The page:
Arrays of silicon lances were made using photolithographic and STS DRIE Bosch techniques. Arrays consist of a 10 mm square grid pattern of lances measuring 100 m tall and having a 3 mm diameter, each lance being spaced 30 mm apart. The tips of lances are pointed, allowing easier penetration through plant cell walls. A nanoinjector device was also made to accept the silicon lance arrays and perform nanoinjections. A nanoinjection consisted of 2 silicon lance arrays, with lances oriented towards each other, being moved into and out of a plant cotyledon placed between them. Prior to the nanoinjection, polar molecules in solution can be attracted to the lances through a process utilizing the nanoinjector device’s ability to control the electrical current between the 2 lance arrays. During the nanoinjection the displacement between the lances, the force exerted on the plant cotyledon and the electrical current between the lance arrays are controlled. Once the lances are inserted into the cells, the electrical current between the lance arrays is reversed, repelling the molecular load from the lance array. Propidium iodide (PI) and Cotton Leaf Crumple Virus (CLCrV) were used as molecular loads in nanoinjections. The nanoinjector also records and outputs data from the nanoinjection for analysis. Nanoinjections were performed on Arabidopsis and Cotton cotyledons. Changes in the force applied during a nanoinjection and varying the number of repeated nanoinjections on the same cotyledon were observed. Too much force or too many repeated injections causes physical damage to the cotyledon. An optimal force and number of repeated injections can be performed without causing physical damage to the cotyledon. Successful transfection of PI and CLCrV was not observed in a relatively small number of performed nanoinjection procedures on either Arabidopsis or Cotton cotyledons. Possible interacting variables and recommendations for further work are discussed.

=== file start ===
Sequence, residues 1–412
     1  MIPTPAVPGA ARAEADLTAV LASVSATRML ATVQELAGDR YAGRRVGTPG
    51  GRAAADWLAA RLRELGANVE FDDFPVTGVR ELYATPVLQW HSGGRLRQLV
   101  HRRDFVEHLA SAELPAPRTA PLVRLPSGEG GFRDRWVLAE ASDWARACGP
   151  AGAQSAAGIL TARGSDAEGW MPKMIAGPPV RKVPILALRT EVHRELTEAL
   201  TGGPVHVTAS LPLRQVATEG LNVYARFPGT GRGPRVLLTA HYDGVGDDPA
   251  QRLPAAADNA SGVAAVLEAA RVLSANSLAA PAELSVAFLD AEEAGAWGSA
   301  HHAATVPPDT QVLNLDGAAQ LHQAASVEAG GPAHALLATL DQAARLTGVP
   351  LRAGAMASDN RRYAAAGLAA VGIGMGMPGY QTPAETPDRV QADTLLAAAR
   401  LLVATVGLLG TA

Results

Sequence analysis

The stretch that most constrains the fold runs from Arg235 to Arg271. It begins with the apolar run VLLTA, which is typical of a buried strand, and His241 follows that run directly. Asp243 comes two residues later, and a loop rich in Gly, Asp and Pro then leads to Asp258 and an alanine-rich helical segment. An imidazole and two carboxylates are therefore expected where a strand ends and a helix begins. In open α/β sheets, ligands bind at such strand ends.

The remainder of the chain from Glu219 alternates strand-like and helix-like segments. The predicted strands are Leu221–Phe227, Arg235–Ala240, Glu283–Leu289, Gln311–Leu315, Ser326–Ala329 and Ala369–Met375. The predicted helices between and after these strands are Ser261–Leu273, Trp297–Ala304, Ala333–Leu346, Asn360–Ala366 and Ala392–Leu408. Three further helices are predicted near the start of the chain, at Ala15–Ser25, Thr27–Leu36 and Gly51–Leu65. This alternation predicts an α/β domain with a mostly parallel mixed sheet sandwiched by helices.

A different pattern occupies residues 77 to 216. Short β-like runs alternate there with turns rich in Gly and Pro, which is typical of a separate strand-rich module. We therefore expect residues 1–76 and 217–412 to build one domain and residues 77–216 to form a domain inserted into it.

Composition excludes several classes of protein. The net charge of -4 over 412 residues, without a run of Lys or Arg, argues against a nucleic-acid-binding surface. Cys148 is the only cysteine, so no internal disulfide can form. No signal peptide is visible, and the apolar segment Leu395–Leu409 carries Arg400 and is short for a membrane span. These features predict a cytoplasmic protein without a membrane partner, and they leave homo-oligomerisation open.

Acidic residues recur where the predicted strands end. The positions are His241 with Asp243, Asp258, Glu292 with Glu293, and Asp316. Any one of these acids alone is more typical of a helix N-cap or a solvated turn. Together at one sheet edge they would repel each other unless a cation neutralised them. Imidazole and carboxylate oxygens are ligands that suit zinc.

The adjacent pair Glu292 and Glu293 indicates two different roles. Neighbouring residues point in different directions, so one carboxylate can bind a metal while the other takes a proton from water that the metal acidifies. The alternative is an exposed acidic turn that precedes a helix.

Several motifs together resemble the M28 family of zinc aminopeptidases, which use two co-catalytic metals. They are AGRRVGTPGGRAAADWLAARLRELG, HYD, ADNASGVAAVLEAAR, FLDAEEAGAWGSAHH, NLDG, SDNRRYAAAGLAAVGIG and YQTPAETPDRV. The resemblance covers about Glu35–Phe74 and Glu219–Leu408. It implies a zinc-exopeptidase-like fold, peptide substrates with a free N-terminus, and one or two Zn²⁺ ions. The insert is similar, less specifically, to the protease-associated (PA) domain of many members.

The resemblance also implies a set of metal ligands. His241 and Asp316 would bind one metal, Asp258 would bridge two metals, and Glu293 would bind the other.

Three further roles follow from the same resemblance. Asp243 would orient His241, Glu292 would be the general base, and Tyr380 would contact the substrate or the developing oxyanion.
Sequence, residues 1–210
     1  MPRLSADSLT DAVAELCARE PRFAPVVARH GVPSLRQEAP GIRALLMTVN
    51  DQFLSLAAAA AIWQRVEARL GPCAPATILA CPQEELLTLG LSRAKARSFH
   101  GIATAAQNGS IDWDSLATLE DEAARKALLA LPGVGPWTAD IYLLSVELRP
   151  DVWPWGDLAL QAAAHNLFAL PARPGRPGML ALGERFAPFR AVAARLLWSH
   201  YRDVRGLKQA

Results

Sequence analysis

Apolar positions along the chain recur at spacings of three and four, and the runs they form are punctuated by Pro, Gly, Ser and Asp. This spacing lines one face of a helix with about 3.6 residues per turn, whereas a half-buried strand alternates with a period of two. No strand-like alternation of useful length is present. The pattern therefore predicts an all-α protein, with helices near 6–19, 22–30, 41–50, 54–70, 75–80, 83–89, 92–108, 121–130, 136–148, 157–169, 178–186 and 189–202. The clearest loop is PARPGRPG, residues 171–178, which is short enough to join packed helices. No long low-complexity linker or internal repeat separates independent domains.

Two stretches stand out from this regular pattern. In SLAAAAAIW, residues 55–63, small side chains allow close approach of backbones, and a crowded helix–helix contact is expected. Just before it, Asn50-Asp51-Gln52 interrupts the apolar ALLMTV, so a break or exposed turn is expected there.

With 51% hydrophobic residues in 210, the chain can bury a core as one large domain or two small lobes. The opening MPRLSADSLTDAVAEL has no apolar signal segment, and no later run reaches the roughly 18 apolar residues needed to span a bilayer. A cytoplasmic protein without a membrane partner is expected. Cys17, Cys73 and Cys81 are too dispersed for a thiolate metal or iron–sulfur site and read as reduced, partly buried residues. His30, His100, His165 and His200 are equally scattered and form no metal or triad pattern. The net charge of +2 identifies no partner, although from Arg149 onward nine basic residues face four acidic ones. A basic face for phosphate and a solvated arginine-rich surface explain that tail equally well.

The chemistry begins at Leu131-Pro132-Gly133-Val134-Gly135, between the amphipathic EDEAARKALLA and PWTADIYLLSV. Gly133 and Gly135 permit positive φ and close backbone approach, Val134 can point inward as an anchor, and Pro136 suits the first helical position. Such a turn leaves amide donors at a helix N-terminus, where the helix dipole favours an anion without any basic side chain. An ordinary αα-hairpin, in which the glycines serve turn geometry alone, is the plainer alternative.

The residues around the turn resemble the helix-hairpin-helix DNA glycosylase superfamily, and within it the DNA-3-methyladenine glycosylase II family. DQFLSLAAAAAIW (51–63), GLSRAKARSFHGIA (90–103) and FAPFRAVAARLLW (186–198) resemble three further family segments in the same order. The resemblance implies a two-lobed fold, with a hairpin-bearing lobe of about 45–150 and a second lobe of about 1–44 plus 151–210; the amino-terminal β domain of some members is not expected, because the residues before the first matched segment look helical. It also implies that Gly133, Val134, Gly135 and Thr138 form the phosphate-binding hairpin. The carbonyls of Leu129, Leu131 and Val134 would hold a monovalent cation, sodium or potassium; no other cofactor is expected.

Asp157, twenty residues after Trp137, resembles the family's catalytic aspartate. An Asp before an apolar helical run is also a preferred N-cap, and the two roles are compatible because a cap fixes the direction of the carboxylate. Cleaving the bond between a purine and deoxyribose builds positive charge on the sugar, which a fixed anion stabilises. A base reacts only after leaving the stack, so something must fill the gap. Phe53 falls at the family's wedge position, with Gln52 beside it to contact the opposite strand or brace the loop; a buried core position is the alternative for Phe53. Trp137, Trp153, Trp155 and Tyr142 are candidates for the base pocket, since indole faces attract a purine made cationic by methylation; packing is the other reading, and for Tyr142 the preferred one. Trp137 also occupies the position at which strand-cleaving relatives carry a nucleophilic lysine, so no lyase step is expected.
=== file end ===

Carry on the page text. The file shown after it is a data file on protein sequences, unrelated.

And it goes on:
BYU ScholarsArchive Citation
Brown, Taylor Andrew, "In Vivo Silicon Lance Array Transfection of Plant Cells" (2020). Theses and Dissertations. 8398.
nanoinjection, transfection, CRISPR, silicon, injection, lance, array